In some cases, including the code generation harness, there are specific sets of roles parts can play. A given use of the harness may use any combination of these. If the assemblies are partitioned across these boundaries, people setting up the MEF system can employ only those items they need. Among other things, this speeds the MEF discovery process. For example, in the code generator, there are a couple of categories of metadata, output, naming and miscellaneous services.
The specific roles the parts play is defined via the interface assemblies. If these assemblies are partitioned, programmers extending the system later reference the specific set of interfaces they want. With partitioned assemblies, they might need to reference more than one, but once referenced, the complexity of what the programmer sees is less (which could also be done with interfaces).
Let’s explore the role of the extending programmer a bit more. If there is no extending programmer (you or someone else) there is no point in a composable system. This extending programmer might be part of the original team, if the purpose of composition is simply flexibility in deployment, such as whether particular modules based on customer status. In many cases, including the generation harness, the system is really being created for the convenience of the extending programmer, and it is there scenarios that should drive the application design. You may be able to design your system so certain changes can be made without MEF knowledge (new templates in the code generation case) but the reason you’re using a composable system is to support programmers creating new parts.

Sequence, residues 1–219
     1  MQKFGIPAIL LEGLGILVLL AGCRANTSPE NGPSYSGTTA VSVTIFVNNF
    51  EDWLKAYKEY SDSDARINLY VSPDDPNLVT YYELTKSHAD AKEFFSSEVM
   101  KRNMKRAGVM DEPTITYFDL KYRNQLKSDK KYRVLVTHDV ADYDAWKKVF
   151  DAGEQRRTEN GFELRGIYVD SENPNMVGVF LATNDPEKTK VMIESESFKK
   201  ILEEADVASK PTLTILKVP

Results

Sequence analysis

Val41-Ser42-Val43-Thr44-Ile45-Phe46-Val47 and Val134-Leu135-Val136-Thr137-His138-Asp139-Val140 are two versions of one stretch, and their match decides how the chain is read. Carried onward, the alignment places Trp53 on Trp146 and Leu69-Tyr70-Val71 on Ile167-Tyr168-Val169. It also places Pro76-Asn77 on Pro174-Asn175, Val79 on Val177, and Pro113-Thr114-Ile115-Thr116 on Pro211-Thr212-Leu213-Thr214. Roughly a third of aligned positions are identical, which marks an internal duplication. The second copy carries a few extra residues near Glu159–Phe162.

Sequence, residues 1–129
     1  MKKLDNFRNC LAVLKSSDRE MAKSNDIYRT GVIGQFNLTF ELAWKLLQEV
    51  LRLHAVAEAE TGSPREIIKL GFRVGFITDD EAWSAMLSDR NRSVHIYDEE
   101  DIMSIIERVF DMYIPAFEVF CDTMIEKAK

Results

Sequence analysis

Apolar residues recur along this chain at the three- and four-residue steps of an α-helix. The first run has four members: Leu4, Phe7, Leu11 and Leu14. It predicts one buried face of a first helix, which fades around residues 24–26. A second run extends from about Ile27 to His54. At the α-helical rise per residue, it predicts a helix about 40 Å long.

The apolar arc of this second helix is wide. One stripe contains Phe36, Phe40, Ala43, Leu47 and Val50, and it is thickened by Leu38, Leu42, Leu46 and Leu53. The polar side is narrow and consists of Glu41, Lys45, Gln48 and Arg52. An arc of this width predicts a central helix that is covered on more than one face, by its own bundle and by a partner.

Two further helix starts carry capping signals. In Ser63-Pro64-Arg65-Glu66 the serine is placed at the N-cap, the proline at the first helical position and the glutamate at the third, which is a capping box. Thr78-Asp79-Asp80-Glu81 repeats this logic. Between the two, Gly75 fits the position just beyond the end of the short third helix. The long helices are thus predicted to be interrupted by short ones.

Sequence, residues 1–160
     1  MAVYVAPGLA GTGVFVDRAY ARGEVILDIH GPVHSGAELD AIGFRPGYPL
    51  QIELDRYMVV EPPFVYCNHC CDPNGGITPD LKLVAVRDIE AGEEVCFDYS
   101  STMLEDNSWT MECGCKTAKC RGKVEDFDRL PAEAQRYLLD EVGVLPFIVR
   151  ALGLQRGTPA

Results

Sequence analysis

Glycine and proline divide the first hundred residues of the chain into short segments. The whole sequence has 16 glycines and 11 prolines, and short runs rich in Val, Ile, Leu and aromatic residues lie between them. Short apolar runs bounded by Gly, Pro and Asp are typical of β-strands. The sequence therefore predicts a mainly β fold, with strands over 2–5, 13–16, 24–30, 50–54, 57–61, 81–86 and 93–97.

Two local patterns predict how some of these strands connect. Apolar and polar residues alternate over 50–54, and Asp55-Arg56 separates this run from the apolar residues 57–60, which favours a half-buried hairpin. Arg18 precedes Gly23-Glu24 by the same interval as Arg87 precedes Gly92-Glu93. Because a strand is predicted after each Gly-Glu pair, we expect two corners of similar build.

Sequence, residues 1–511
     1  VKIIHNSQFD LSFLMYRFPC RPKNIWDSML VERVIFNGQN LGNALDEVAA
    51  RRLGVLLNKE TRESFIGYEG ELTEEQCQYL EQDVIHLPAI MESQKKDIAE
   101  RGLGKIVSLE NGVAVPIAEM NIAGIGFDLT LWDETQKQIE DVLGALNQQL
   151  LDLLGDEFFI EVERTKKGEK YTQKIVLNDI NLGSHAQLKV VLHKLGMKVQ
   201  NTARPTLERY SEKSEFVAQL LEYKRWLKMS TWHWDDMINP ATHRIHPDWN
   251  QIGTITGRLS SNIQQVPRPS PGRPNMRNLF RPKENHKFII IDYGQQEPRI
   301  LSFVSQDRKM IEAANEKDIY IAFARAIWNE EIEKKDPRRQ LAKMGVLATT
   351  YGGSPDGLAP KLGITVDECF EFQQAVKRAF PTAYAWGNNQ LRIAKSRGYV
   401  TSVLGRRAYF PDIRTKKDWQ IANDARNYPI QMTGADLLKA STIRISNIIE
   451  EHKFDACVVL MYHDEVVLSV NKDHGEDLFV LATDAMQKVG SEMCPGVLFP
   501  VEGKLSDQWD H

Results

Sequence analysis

This extending programmer works in their own assembly, which among other things allows you to issue updates to default assemblies without breaking their work. These assemblies reference interface assemblies. Is it easier for that programmer to select well partitioned interface assemblies and use them to better understand how the system works. If you partition your implementation assemblies to parallel the interfaces, deployment is simpler and if you fully implement an assembly, you can remove the default one.
There are a few blog posts including this by Chad Myers and this by Davy Brion that speak disparagingly about solutions with many projects. I do not actually agree with either post (because solutions are convenience only features and our architectures should not reflect Visual Studio bugs) but I do think they make some good points. And the fundamental agreement is that you should understand why you have a lot of projects if you do. In this case, it’s for isolation (a core tenant of MEF) and deployment. If you want only a couple of projects in your solution, you don’t want a composable system (although you might still use MEF for other reasons).